m_v1    varchar2(10);
begin
        for r in (select * from t1 where rownum <= 10) loop

                select  v1
                into    m_v1
                from    t2
                where   t2.id = r.n2 - r.n1 + 1
                ;

--              insert into t3 values(r.id, m_v1, rpad('x',100));

                dbms_output.put_line(r.id || ' - ' || m_v1);
                dbms_lock.sleep(1);

        end loop;

end;
/

execute dbms_flashback.disable;
commit;

--
--      Code to be run from a second session once the 
--      first session displays the "loop running" banner
--

begin
        for r in 1..20 loop
                update t2 set v1 = lpad(r,10,0);
                commit;
                dbms_lock.sleep(0.5);
        end loop;
end;
.

The code covers several different tests – the basic test and the three “read-only” tests don’t need table t3 at all, which exists only so that we have something to insert into (and show a possible ORA-08177) for the serializable test. If you do the serializable test you might want to note what happens if you eliminate the initial insert of id = 0; you may also want to increase the number of rows selected, the number of cycles through the update loop, and the sleep times.

In principle the code emulates a classic “nested loop join done in SQL”, with one row in table t2, and a CURSOR FOR LOOP select from t1 being used to drive a select from t2 “for each row”. The peculiar predicate “t2.id = r.n2 – r.n1 + 1” inside the loop is an attempt to minimise the risk of any future release of the PL/SQL optimizer getting so clever that it puts the “constant” query for “t2.id = 1” outside the loop.

As the main loop cycles once per second, selecting the same row from t2 on each cycle, another session updates the row and commits twice every second. You might have thought that the main loop would keep returning the same value on every cycle – but each select starts at a new SCN. If you don’t take some sort of defensive action (set transaction read only, dbms_flashback) then you’ll get output similar to the following:


=================
Four second pause
=================

PL/SQL procedure successfully completed.

=====================
Starting PL/SQL block
=====================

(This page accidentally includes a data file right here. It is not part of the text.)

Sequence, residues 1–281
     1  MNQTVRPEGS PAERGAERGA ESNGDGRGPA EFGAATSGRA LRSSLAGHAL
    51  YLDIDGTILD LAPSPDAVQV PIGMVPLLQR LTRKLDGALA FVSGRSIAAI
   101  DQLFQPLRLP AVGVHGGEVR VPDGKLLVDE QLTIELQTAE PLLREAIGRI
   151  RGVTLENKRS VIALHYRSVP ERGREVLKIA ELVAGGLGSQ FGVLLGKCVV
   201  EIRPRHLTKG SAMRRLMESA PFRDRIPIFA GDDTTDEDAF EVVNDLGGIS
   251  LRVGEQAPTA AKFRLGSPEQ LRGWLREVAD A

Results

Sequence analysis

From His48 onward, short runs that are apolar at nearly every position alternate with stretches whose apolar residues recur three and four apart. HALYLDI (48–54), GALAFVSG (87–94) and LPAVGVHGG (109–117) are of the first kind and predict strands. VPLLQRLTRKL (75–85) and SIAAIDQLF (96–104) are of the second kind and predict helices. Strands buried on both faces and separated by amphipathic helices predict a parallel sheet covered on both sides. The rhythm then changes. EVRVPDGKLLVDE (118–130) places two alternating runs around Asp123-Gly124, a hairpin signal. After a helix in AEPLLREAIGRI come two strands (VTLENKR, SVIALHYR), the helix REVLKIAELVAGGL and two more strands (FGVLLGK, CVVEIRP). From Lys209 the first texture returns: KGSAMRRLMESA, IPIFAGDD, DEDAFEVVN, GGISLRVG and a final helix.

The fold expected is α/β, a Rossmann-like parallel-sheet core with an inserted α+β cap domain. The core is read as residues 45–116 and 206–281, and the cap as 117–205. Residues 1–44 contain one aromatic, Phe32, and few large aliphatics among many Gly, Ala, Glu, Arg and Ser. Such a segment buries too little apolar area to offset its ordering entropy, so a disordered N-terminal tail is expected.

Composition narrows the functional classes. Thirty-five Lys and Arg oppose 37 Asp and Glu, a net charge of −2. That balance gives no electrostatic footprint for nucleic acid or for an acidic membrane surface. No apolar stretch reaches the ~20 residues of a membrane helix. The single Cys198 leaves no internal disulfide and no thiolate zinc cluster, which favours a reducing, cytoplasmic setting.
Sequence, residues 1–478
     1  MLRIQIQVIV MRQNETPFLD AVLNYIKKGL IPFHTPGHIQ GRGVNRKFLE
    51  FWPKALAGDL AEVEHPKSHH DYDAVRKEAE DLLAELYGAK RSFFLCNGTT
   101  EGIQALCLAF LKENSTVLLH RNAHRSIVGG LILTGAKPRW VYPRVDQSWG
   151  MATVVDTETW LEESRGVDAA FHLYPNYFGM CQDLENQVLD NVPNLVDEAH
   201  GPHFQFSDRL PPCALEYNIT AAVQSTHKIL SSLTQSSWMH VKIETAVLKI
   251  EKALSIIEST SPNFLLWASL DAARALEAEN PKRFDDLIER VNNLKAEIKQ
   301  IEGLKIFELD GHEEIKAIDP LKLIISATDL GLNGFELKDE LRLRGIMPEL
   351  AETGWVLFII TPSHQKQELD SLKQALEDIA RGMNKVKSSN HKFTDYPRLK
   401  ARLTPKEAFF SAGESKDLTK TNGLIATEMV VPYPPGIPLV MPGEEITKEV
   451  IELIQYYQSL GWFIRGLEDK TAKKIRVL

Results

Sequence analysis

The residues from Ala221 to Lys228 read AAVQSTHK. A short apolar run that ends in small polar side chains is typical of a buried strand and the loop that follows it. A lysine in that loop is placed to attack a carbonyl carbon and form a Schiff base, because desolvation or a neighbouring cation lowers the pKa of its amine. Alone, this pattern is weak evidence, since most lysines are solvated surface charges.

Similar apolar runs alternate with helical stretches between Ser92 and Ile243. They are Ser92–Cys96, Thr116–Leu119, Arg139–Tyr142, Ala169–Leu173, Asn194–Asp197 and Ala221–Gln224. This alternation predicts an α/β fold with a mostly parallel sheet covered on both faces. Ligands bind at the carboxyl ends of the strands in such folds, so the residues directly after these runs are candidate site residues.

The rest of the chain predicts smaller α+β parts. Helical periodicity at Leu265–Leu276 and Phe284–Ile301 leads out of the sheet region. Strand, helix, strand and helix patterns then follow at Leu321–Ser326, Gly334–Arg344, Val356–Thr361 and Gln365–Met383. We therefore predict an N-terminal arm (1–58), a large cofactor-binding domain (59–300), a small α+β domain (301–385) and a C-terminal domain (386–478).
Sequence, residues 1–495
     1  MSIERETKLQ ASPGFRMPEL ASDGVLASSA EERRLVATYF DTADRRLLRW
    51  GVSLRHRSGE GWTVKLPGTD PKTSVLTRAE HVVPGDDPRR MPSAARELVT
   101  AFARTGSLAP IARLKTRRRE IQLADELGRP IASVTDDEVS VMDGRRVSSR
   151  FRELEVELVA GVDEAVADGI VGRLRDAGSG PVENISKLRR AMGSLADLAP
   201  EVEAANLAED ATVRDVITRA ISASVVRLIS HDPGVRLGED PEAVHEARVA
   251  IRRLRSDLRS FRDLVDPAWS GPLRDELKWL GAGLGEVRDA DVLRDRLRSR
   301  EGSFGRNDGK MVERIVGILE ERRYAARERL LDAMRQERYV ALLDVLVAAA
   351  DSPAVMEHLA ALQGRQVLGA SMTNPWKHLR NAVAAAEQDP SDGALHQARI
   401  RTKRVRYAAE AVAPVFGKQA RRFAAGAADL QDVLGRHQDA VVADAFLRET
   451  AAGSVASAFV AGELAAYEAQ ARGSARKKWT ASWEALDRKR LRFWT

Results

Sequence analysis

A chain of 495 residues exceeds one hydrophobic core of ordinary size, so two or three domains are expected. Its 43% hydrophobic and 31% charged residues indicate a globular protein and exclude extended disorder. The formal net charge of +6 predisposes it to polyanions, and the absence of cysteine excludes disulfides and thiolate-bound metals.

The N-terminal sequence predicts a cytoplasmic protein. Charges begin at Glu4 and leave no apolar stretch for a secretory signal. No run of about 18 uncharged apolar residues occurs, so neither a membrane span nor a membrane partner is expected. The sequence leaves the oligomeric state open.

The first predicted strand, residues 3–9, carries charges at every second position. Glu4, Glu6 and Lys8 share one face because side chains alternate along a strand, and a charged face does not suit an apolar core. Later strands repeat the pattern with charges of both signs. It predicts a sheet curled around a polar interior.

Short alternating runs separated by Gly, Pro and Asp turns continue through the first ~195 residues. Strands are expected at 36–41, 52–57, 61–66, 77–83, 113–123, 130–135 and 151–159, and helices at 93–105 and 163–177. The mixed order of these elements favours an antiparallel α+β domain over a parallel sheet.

1 - one
2 - 0000000002
3 - 0000000004
4 - 0000000006
5 - 0000000008
6 - 0000000010
7 - 0000000012
8 - 0000000014
9 - 0000000016
10 - 0000000018

PL/SQL procedure successfully completed.

I have seen many sites where this type of code is used. Typically it’s justified because the referenced table is a “very static” code table or a table that’s not supposed to change while the main loop is running – but eventually Murphy’s law will raise its ugly head.

(My favourite invocation of Murphy’s law came from my A-level physics teacher with respect to experimentation: “Constants aren’t and variables don’t”.)

2 Comments »

  1. True, but I’d also contend that people have “put up” with this behaviour for time immemorial. You think of any of the gazillions of old Oracle Forms applications out there which were not strictly self-consistent within a couple of blocks on screen, eg

    – master block on table “T” is refreshed once (showing cols 1,2,3)
    – each time you click on a row, then a detail block, also on table “T” to show cols 1,2,3,4,5,6,7 etc would be a new query each time

    or, not even self-consistent within a *single* block

    – refresh block
    – for each row as block is refreshed, fire post-query trigger, which in turn ran more SQL’s

    Is it “right” ? Probably not. Is it “adequate” – probably yes in the vast majority of cases. When people would detect it, the response was often “Hit refresh and tell me if its still a problem” :-)

    Comment by connormcdonald — October 13, 2015 @ 5:29 am BST Oct 13,2015 | Reply

  2. Connor,

    The reasons why it’s worth putting out a reminder with specific reference to PL/SQL are that (a) it’s easier for people to forget that there is a read-consistency effect to consider, and (b) a PL/SQL procedure is more likely to do something where read-consistency matters.

    With forms and web applications, developers tend to be aware that they are sending many (SQL) calls to the database and are therefore more likely to think of the cases where they need to be careful about consistency. With a single call to a PL/SQL procedure it’s too easy to think that “a single call to the database = read-consistency” and do it wrong.

    (You forgot to mention SQL*RPT and its wonderful ability to produce reports where the total didn’t match the sum of the sub-totals after running for hours ;)

    Comment by Jonathan Lewis — October 13, 2015 @ 8:41 am BST Oct 13,2015 | Reply